NASA's space shuttle program ended in 2011, leaving the agency awkwardly dependent on Russia to get astronauts to the International Space Station. That's changing, however. On Friday, SpaceX became the second private American company to receive an order for a crewed mission from the agency.
"When Crew Dragon takes NASA astronauts to the space station in 2017, they will be riding in one of the safest, most reliable spacecraft ever flown," said Gwynne Shotwell, president and chief operating officer of SpaceX. "We're honored to be developing this capability for NASA and our country."
The SpaceX order for a crewed mission follows on the heels of a similar order delivered to Boeing in May, after both companies had received $2.6 billion and $4.2 billion in federal funding in late 2014 as part of a Commercial Crew Transportation Capability contract.
There is a certain urgency to NASA's desire to get crewed commercial flights off the ground, as the United States' dependency on Russian spacecraft has drawn increasing criticism from both Washington and the Kremlin. In August, NASA's chief blasted Congress after the failure to fund commercial space initiatives, and last year the Russian Deputy Prime Minister suggested that Americans use a trampoline to get to space after the US imposed sanctions on Russia for the latter's actions in Ukraine.
Although both SpaceX and Boeing plan to be delivering astronauts to the ISS by 2017, earlier this year Boeing announced that it would be the first to do so. The most recent order from NASA casts this prediction in doubt, however, with the agency noting that "determination of which company will fly its mission to the station first will be made at a later time."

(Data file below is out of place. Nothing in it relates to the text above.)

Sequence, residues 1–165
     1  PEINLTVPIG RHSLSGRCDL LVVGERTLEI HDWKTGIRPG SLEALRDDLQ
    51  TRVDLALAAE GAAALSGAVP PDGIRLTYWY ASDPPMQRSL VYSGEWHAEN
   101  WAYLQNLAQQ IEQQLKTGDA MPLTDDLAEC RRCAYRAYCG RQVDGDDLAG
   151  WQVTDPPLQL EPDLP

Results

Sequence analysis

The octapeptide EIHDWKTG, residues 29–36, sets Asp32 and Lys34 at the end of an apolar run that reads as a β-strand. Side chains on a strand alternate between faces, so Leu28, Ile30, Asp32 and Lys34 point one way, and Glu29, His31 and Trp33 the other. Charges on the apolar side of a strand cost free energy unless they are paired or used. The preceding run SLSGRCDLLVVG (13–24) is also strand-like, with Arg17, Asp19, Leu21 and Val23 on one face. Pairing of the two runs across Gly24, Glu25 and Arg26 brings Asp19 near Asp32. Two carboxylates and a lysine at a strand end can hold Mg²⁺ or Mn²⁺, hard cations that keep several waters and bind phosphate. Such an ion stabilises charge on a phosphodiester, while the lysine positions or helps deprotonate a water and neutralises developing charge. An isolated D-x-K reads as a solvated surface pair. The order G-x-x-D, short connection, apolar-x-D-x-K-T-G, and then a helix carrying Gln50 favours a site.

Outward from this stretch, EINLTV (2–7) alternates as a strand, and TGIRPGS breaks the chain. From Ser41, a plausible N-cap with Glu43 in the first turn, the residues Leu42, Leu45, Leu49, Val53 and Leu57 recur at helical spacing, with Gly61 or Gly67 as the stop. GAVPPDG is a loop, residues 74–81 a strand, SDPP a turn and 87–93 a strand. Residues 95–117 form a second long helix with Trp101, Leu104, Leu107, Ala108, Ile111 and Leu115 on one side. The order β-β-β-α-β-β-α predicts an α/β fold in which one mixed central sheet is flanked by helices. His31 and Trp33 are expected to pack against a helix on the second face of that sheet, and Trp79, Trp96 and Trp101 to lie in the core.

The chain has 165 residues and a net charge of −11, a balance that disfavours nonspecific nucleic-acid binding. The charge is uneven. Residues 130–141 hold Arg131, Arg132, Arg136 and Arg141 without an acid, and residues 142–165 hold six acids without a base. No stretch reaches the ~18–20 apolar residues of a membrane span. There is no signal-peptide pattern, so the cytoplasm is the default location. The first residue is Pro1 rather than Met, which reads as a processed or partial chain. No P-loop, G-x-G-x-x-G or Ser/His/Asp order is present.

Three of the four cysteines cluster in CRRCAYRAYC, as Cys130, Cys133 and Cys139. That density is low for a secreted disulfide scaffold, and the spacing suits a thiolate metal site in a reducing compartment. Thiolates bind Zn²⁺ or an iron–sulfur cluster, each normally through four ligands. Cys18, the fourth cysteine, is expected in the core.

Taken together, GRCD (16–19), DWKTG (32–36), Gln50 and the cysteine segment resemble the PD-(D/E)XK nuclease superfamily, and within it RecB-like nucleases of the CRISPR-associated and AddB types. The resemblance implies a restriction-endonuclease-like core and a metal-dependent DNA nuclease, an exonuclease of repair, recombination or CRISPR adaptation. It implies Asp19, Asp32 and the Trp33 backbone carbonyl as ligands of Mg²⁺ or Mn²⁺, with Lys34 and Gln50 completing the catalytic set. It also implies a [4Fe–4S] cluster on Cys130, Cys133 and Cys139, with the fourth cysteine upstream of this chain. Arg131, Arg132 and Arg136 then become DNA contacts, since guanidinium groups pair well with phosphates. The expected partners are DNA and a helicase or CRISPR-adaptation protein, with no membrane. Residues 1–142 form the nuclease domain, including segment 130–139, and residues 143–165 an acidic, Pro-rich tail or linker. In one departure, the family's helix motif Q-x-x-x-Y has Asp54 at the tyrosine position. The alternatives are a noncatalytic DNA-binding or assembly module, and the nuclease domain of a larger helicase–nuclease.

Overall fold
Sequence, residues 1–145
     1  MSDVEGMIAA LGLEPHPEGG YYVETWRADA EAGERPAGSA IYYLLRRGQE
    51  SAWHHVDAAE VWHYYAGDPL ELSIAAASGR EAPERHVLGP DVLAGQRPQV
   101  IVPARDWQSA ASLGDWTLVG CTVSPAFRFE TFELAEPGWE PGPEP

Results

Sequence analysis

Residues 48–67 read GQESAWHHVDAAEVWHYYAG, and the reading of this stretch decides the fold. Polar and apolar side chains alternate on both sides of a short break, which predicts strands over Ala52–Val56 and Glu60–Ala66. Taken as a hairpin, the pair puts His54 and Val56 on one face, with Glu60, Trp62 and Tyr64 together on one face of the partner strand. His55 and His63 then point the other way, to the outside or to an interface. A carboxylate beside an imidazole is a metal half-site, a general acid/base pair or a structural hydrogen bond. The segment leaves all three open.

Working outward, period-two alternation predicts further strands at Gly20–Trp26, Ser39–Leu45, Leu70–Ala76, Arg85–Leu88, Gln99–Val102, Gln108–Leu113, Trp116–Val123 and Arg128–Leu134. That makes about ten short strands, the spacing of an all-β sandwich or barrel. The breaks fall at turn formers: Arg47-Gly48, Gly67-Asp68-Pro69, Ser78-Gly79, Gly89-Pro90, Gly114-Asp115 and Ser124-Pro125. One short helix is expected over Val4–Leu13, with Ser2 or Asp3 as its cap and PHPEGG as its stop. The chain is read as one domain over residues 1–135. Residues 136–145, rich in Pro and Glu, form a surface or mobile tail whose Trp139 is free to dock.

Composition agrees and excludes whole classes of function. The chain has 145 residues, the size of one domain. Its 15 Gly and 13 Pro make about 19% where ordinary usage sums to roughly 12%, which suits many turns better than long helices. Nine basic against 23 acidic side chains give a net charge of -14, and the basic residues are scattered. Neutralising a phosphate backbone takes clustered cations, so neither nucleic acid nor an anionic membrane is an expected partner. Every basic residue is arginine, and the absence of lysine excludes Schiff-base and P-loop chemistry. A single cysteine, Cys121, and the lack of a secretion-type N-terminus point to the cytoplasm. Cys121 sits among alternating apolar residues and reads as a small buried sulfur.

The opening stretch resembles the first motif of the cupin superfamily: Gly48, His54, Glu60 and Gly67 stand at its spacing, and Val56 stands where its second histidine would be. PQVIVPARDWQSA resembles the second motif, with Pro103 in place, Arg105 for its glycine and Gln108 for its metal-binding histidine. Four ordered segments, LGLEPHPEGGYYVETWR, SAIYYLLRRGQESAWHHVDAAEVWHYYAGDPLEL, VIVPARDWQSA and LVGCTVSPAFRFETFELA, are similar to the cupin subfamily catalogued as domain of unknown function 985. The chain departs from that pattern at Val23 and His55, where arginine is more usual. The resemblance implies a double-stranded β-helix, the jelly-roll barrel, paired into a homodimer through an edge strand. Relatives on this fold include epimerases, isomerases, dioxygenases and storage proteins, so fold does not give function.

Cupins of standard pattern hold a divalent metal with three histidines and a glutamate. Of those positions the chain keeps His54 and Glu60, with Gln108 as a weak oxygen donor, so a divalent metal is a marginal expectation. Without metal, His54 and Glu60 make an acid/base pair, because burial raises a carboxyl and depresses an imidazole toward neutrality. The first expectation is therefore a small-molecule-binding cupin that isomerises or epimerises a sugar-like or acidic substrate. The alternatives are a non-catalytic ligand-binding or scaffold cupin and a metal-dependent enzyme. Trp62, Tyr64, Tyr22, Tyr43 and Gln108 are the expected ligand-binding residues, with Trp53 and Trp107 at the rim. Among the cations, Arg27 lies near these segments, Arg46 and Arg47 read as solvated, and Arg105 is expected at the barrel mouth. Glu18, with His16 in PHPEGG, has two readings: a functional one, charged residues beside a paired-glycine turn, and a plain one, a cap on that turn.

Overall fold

Last year the Russian Deputy Prime Minister suggested that Americans use a trampoline to get to space
SpaceX, which is already flying cargo missions to the ISS, will be taking up to four NASA astronauts and 220 pounds of cargo up to the ISS aboard its Crew Dragon spacecraft riding on Falcon 9 rockets. According to NASA, SpaceX's Crew Dragon and Boeing's CST-100 Starliner spacecraft will stay at the ISS for up to 210 days, acting as an "emergency lifeboat" during that time.
The rockets that will carry NASA crews to the ISS are the same that the company has been using for cargo transfers. SpaceX had a flawless flight record until this past June, when a Falcon 9 rocket exploded in an attempted landing. This led some industry analysts to criticize SpaceX for being overly ambitious, but according to its CEO Elon Musk, the setback would not result in any drastic changes in the company's plans going forward, including its plans to begin ferrying astronauts to space.
As promised by Musk, the Crew Dragon capsule has already undergone a number of certification and development phases, most recently undergoing a critical design review indicating that the craft's design was ready to begin the fabrication process.
"Commercial crew launches are really important for helping us meet the demand for research on the space station because it allows us to increase the crew to seven," said Julie Robinson, International Space Station chief scientist. "Over the long term, it also sets the foundation for scientific access to future commercial research platforms in low-Earth orbit."